Team members are David Fields and Peter Countway of Bigelow Laboratory, Rachel Lasley-Rasher of the University of Southern Maine, Joshua Carloni of the New Hampshire Fish and Game Department and Paul Geoghegan of Normandeau Associates, Inc.

Brady was awarded a two-year $399,994 grant to explore the potential effects of warming on the early life history of the American lobster. 

“At the end of the day, the fate of the American lobster fishery is intertwined with Maine’s marine resource and tourism economy, so understanding where larval lobsters end up in a changing Gulf of Maine is critical to Maine’s future,” said the UMaine associate professor in the School of Marine Sciences.

While North America’s most valuable marine species has thrived for decades, Brady said there are growing concerns that regional maritime economies will suffer because of a decline of shallow water young-of-year lobsters and because of lobster landings shifting to the Northeast. 

Brady and colleagues will examine how climate-induced shifts in larval development time and settlement habitat affect lobsters’ early life history.

They’ll develop a modeling system to examine effects of three key moving targets: location and timing of spawning; larval transport; and the distribution/suitability of settler habitat, which is above 12 degrees C (53.6 F) and below 20 degrees C (68 F).

This modeling system will provide the foundation for the eventual development of an end-to-end modeling system that links climate to physics to habitat to lobsters to fisheries.

Brady’s colleagues are Huijie Xue and Lewis Incze of UMaine; Rubao Ji of Woods Hole Oceanographic Institution; Changsheng Chen of the University of Massachusetts at Dartmouth; and Kenneth Rose of the University of Maryland.

Additional research supported through the American Lobster Initiative includes:

Alexa Dayton of the Gulf of Maine Research Institute will examine lessons to be learned from the severe declines in lobster and lobster fisheries in Southern New England in 2010 and Australia in 2009. Her team will assess what management adaptations were considered or acted upon and how the Gulf of Maine lobster fishery can seek to prevent a significant economic contraction in the face of expected declines in landings and increases in operating costs.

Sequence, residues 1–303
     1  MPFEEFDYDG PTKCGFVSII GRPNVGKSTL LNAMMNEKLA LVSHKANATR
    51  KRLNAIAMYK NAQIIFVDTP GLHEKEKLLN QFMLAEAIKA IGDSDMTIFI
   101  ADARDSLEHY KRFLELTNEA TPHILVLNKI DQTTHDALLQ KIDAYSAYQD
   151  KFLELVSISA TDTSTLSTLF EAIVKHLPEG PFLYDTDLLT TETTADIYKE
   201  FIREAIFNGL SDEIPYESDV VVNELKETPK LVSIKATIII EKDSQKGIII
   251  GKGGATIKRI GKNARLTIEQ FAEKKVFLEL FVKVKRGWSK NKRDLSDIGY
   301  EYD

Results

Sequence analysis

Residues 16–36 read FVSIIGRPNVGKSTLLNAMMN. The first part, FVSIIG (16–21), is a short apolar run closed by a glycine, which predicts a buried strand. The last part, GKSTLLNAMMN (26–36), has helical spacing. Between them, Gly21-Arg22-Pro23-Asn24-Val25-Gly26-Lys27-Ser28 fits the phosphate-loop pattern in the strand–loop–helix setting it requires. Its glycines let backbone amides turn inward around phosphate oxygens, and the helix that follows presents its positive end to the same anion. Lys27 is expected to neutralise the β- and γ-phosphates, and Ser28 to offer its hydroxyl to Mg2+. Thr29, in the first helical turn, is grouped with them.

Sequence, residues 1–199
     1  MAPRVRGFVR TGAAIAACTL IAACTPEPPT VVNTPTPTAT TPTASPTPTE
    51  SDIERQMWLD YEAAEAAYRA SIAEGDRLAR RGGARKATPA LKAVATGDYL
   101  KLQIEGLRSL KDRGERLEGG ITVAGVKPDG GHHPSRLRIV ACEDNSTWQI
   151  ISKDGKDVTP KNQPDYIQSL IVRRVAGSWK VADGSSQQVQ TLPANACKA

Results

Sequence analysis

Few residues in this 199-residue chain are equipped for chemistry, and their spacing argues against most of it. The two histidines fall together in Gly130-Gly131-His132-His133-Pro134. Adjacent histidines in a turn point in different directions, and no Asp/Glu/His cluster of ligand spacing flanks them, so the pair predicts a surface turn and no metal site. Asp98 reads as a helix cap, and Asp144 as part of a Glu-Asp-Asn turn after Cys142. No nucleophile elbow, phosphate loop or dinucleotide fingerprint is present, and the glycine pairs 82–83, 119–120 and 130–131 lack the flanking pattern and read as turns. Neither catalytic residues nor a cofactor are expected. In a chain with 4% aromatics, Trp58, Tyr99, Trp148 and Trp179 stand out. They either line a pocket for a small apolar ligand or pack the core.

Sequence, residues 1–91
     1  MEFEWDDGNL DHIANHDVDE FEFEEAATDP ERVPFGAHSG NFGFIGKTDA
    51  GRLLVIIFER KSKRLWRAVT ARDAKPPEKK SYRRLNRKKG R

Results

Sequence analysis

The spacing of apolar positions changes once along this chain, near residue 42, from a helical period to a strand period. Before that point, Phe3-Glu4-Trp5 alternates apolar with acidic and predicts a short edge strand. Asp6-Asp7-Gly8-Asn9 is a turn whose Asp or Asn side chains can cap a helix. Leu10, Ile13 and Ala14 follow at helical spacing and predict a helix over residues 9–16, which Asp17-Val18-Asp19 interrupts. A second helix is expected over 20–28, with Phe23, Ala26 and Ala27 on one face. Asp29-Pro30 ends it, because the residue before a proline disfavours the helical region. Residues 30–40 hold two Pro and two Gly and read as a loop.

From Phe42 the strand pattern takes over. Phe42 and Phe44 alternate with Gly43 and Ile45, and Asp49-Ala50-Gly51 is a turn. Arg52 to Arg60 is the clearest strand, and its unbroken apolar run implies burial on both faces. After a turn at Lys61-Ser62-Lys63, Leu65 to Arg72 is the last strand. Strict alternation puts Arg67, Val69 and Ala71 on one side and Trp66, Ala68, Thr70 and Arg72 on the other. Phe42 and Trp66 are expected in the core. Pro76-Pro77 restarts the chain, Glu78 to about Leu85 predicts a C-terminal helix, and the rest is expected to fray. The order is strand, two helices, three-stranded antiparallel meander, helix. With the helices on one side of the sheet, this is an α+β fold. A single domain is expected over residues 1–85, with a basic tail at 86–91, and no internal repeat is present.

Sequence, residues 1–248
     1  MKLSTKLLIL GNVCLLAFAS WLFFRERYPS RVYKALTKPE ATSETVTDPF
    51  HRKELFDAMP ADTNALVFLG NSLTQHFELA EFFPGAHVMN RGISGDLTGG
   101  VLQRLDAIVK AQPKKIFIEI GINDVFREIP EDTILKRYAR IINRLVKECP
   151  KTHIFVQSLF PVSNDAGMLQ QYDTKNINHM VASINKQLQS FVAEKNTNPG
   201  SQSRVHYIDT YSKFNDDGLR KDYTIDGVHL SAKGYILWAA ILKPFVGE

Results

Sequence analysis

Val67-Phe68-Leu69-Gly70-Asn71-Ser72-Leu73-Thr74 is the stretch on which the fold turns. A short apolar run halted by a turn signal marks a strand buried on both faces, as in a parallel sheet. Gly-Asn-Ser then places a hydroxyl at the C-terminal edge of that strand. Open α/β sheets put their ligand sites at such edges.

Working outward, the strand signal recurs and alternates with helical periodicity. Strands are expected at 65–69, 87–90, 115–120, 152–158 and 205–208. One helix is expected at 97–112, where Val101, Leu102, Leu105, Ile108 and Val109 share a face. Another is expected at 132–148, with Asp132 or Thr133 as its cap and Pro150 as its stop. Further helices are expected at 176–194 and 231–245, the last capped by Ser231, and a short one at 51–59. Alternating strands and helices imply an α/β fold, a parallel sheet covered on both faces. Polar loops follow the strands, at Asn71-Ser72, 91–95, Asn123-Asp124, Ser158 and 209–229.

Tracy Pugh of the Massachusetts Division of Marine Fisheries will work to fill in gaps in growth data, particularly for large offshore lobsters, in the U.S. Lobster Stock Assessment. The ability of the stock assessment to accurately assess the status and trajectory of lobster is critical to its sustainable management, she says.

Emily Rivest of the Virginia Institute of Marine Science will research how changes in temperature and ocean acidification affect lobster fertility and the ratio of the number of births to the size of the population. The team’s findings will be used to improve estimates of the effects of multiple stressors on natural systems in the Gulf of Maine and provide baselines for representative physiological markers for future work.

Kathy Mills of the Gulf of Maine Research Institute will examine data and case studies to understand consequences of the major downturn in the Southern New England lobster fishery. The team will evaluate how lessons may be applicable to lobstermen and communities in the Gulf of Maine, and be relevant in planning for resilience and adaptation in culturally, socially and economically important fishing communities.

Jason Goldstein of the Wells National Estuarine Research Reserve will assess the impacts of warming water on the movements of sexually mature female lobsters, and the fate of their larvae. In Southern New England, lobsters have moved to deeper, cooler offshore water. The same trend, he says, appears to be underway in the Gulf of Maine. His team seeks to be able to better predict impacts of the changing climate on the future of this valuable marine resource.

The focus of this research is based on specific language in the NOAA National Sea Grant Program’s FY2019 Appropriations, and the research and extension competitions were informed by listening sessions with regional fishing industry stakeholders, state and federal fisheries managers, and university, state and federal fisheries researchers. 

NOAA’s full release about the Sea Grant American Lobster Initiative and the Sea Grant Northeast Regional Lobster Extension Program is here.